The assault upon Tikas and the murder of the three prisoners can not be too severely condemned. As the men were outlaws they could have been shot in their tracks and never captured, but once taken they were entitled to be kept inviolate. These murders by this mine-guard group should he as severely punished as should the murders by the strikers, and both should receive the extreme penalty of the law. On the other hand, however, the heroic work of the other officers and men who participated in the Ludlow battle should not be overlooked and unstinted praise should be given them for their conduct in resisting an attack by superior numbers.

The next day dead bodies of women and children were found huddled in a small pit under one tent, and the papers published far and wide the lie that machine guns had mowed down women and children. This falsehood was deliberately spread by union leaders, whose own physicians had personally testified before a coroner's jury that there was no sign of a bullet wound on any but the Snyder boy. He was not in the pit, and was shot in the forehead while standing beside a tent, facing to the rear. The boy's father pulled the body back into the cellar, and when rescued from there by the troops carried the body to the depot.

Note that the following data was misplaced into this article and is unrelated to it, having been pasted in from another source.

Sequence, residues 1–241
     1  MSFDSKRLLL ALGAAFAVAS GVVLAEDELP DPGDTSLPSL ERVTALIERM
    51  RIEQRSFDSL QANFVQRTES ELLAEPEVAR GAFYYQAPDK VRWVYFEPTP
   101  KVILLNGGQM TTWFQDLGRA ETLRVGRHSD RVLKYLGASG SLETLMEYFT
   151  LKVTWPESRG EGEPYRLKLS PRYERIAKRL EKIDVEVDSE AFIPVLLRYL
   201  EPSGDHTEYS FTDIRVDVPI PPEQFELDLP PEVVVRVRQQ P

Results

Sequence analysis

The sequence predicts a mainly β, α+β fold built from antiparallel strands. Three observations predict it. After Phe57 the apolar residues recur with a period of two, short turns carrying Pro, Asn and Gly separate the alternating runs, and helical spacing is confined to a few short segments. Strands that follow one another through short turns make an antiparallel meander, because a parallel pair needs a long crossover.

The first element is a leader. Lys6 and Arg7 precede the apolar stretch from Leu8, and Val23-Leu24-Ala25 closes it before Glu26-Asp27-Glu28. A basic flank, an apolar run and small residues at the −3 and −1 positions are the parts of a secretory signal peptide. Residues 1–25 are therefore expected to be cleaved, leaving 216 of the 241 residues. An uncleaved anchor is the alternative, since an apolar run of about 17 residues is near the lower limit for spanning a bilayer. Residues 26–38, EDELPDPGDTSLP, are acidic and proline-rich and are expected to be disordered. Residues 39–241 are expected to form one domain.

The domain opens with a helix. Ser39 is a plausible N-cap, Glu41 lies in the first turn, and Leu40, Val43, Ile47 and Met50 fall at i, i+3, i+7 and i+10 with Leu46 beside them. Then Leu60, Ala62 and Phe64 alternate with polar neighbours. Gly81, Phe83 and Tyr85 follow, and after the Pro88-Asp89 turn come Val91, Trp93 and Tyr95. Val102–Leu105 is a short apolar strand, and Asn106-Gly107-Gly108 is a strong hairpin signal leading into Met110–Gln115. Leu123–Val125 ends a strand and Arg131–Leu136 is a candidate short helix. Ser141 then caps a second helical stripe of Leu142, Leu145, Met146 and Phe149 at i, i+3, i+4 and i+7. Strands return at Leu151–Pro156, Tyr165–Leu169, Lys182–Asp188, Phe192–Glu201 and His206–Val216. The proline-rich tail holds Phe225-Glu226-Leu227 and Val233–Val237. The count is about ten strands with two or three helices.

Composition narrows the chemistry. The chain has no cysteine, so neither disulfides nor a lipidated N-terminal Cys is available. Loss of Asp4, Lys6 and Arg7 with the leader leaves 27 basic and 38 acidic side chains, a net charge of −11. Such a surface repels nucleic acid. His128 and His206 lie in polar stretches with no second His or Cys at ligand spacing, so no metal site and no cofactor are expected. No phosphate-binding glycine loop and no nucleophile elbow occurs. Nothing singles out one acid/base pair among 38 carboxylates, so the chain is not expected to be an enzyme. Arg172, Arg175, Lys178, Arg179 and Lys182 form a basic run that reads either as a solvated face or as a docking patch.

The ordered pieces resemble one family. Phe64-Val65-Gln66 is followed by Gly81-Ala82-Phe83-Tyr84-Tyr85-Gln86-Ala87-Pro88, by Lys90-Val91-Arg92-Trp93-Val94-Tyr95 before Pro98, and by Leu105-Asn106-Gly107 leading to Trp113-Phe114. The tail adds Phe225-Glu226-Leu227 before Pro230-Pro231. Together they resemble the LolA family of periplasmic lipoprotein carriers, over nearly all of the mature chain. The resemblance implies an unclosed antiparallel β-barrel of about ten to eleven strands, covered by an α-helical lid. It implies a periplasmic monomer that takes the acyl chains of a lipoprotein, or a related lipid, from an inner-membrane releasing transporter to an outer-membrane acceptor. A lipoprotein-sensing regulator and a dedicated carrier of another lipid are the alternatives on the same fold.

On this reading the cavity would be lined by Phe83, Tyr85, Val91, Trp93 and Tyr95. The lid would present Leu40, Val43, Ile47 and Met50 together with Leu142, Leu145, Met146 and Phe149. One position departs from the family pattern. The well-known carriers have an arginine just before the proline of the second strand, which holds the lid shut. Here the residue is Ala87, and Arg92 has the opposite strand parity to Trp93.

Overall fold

The world has heard little of the horrible mutilation of the bodies of Pvts. Martin and Hockersmith by strikers, of the percussion-capped, soft-nosed, and poisoned bullets of the unionists. All that went out was that "gunmen militia had murdered defenseless women and children."

The fact that prisoners had been assaulted and killed was first given out by the board of officers appointed to investigate the Ludlow battle. If it had wished to shield anything, all it had to do was to keep quiet and nothing would ever have been known of these incidents.